What music to play in meditation

There are many different styles and genres of music, so there are many different emotional openings that can happen in meditation through music. Not all music is suitable for meditation. There is a strong need for music that produces depth, no matter what genre. It has been scientifically proven that different music has different effects on the brain and body. It is also scientifically proven that healing can come from certain vibrational frequencies. Music can bring tremendous healing on a physiological level.

It is important to choose the right kind of music that the moment calls for. If one is sad and needs to feel sadness to its core to get through something, then they could play some sad songs in meditation. If there is frustration or anger that needs to move, play some aggressive rock or metal music and get into and through those feelings in a safe yet freeing way. If you want to open your heart more, then play music that touches you deeply. If you want to relax, play deeply relaxing music. If you want to feel devotion, play devotional music. Vocals in music can be very helpful. We humans are so individual; to one person a particular song might bring some kind of trigger that seems to have a negative connotation, and to another person the same song can bring an incredibly positive experience. Again it is important to go through whatever the experience arises for you in meditation.

The most effective music for my meditation work is not music I would necessarily choose to listen to or even like for pleasure, however playing it in meditation can carry me through something so profound and it encourages me to go much deeper.
Another benefit of music in meditation is that it can help so much with the mind. Music can help people with a busy mind. It can help nervous or uptight people to relax and let go. A side benefit is that while the brain is processing the music, it can help as a way to guide the ego-mind aside, so that our meditation can proceed with much less interference from the mind. Let the music help you!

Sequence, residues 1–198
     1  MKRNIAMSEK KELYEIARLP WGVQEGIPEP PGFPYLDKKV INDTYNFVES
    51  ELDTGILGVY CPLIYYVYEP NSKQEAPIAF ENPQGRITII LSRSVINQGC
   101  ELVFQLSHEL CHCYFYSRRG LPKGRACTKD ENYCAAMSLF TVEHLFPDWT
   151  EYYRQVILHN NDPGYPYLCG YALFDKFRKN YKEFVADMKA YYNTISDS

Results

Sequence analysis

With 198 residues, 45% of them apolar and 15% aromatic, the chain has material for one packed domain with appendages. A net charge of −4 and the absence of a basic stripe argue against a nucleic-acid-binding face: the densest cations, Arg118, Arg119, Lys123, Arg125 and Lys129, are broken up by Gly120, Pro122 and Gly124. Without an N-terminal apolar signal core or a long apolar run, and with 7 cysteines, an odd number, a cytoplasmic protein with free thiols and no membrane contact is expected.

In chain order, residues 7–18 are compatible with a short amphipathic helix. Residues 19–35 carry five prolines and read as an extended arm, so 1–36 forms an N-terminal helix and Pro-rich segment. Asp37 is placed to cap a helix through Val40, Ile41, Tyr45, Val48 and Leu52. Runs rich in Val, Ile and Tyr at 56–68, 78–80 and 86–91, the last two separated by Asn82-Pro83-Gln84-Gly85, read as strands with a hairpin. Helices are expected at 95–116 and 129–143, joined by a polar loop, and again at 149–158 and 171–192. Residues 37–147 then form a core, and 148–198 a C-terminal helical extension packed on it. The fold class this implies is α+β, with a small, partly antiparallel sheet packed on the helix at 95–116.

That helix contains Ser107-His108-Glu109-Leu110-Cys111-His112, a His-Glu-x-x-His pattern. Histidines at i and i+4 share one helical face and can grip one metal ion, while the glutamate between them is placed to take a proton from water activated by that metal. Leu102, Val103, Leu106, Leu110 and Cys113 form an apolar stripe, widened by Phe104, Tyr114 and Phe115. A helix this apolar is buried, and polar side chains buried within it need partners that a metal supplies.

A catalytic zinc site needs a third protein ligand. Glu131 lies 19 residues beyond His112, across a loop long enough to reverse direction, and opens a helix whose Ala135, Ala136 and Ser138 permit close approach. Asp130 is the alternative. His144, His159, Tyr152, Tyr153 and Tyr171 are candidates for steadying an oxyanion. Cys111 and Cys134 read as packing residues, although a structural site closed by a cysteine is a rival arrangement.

With the support of music we can meditate for extended periods of time, such as a few hours, that can be very helpful towards going deep and advancing far in your meditations. This is how music in meditation can be an incredible support towards vast spiritual advancement. When the music is over, there can be such a beautiful peace and depth that can bring us to deep tranquility and even deeper into our spiritual connection. The music in meditation is intended to help us to let go, open up and go deep.

Chanting & Mantras in meditation
When situated within, it can be very helpful to make a sound with your vocal cords. In mankind’s history, many tribes have practiced chanting to bring them to a deeper spiritual connection. Today, many people know about the “Om” where one can chant “Om” and linger on the hum of the “Mmmmm” sound.

Another excellent mantra is “Supreme Almighty, Almighty Supreme” - a powerful present day mantra. These are two examples, but there are so many other possibilities with mantras and chanting. By focussing on the repetition of the same words or sounds, repeating them over and over and over for some time, you can experience a kind of “Pop”, a phenomenon where the mind lets go, or something within us releases, and the chant seems to take on a life of its own. It happens effortlessly when one is in the flow. So many different things can happen for you from chanting and you will know when your time of chanting comes to an end because it will feel natural to finish. Now in this depth so much else can happen for you!

If your desire is to come closer to God, to connect more deeply with the Divine, chanting is a way to express this desire in a devotional way. The chanting focuses your mind on God and your devotional heart keeps calling out. Some time during the practice the mind lets go, and deeply personal experiences with spirit can occur.